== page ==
We’ve all heard of breaking marathon speed limits, but how about hot dog eating limits? Earlier this year Biology Letters published a paper which asked the question “how many hot dogs can a person eat in 10 minutes?” Borrowing mathematical modelling techniques which have been used to estimate the maximal limits of running performance, the study analysed historical data from a well-established eating competition.
The published article was very popular in the media, garnering a high level of attention and making headlines all over the world. We spoke with the author, Professor James M Smoliga from High Point University about his inspiration for this study, his experience of the peer review process and his reaction to the media attention.
What made you look into this particular area?
There were no triggering events – it wasn’t like I was eating a hot dog – the idea just popped into my head one day.
I have an eclectic mix of research interests, and sports science is one of my main areas of expertise. Leading up to the recent sub-2 hour marathon attempts, there was a lot of discussion in the scientific and running communities regarding the biological limits of human marathon performance. During this time, I was reviewing some of the literature on mathematical modelling of human performance, so all of the different models were at the forefront of my mind.
Completely unrelated to this, I had regularly watched the Nathan’s Famous Coney Island Hot Dog Eating Contest every year on the American Independence Day Holiday. I recalled that when I first started watching it, 20 hot dogs in 10 minutes were enough to win it, but then Takeru Kobayshi annihilated the competition by doubling the previous record. I am not sure what made me think of it, but one day it just dawned on me – “I’ll bet the hot dog eating competition follows the same sigmoidal model of performance improvement as seen in running events.” (Denny 2008 reported the sigmoidal model in question). Sure enough, it did – and I knew that I had to write this up into a paper.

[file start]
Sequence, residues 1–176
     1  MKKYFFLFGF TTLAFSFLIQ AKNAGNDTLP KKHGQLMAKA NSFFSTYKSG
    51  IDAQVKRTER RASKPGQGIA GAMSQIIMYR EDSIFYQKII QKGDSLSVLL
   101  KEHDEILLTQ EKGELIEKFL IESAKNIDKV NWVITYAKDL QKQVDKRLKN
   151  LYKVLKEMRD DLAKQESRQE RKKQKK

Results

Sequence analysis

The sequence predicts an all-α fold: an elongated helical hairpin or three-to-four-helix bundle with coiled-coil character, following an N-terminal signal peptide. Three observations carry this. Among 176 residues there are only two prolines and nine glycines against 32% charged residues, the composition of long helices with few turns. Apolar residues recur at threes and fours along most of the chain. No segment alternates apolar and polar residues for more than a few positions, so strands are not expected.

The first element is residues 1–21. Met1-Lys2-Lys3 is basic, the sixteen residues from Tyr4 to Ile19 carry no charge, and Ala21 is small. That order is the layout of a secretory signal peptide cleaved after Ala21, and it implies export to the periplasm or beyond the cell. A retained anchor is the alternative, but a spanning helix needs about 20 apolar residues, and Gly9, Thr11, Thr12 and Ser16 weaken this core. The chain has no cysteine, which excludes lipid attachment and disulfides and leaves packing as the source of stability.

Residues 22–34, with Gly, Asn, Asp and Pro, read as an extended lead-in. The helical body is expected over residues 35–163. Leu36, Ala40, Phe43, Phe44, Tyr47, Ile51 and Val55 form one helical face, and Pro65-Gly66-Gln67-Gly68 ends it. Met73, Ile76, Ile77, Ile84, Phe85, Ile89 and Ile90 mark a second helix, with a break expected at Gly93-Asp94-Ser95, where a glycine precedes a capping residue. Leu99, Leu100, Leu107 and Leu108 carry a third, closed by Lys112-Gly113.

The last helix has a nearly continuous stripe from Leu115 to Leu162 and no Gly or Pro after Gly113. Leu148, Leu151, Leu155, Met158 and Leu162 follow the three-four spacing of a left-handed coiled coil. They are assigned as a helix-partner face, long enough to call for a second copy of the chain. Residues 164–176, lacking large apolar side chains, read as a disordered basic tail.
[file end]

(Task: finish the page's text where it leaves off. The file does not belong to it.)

Did you find out anything new or unexpected from your study?
The most unexpected finding from the study was just how impressive the competitive hot dog eating records are. Assuming that the early winners of the competition were “untrained” (which is actually documented through competitor interviews in the news stories that I used in acquiring the data for this paper) they represent what the high-end-of-an-average person can eat. That seems to be about 1 hot dog (with bun) per minute. In just short of 40 years of competition, we have seen individuals eat >7 hot dogs per minute – this is an impressive progression not seen in any other form of athletic competition! No world record in track and field, cycling, swimming, or skating has improved anywhere near this much in >100 years. As impressive as Eliud Kipchoge’s 2019 sub-2 hour marathon was (not an official world record), it represents less than a 50% improvement since the inception of world record keeping, and is only approximately twice as fast as the average marathon finisher. So, the biological differences between top competitive eaters compared with the average person is arguably more impressive than that of any top athlete compared to the average population. I did not expect to see that level of difference. When one hears perennial contest winner Joey Chestnut’s performance being superior to that of other professional sporting heroes, there is definitely truth to that from a biological perspective.
Graph depicting the active consumption rate (ACR) of the winner of the Nathan's Famous Hot Dog Eating Contest by year. From Figure 1 of Smoliga. Modelling the maximal active consumption rate and its plasticity in humans—perspectives from hot dog eating competitions. 2020. Biology Letters
What made you decide to publish in Biology Letters?
I had previously published a fun paper in Biology Letters (questioning the supposed relationship between facial attractiveness and fitness) and found the editorial staff very helpful. Additionally, I knew that Biology Letters was particularly good at communicating scientific research to the press. On numerous occasions, I have heard of a news report covering a study examining an unexpected, yet interesting, biological research question which was published in Biology Letters. For instance, I was listening to National Public Radio one day and heard about a new study on yawn duration – sure enough, it was in Biology Letters.
I knew that my particular paper was very quirky – hopefully it would first make a person laugh, and then think. Clearly, not all papers in Biology Letters are like that, but some definitely are (where else could you find a paper asking the question, “how smooth is a dolphin?”). I thought my paper would be a perfect fit for this journal – real science but exploring an amusing and unexpected research question – so, it was the obvious first choice journal for me to submit to.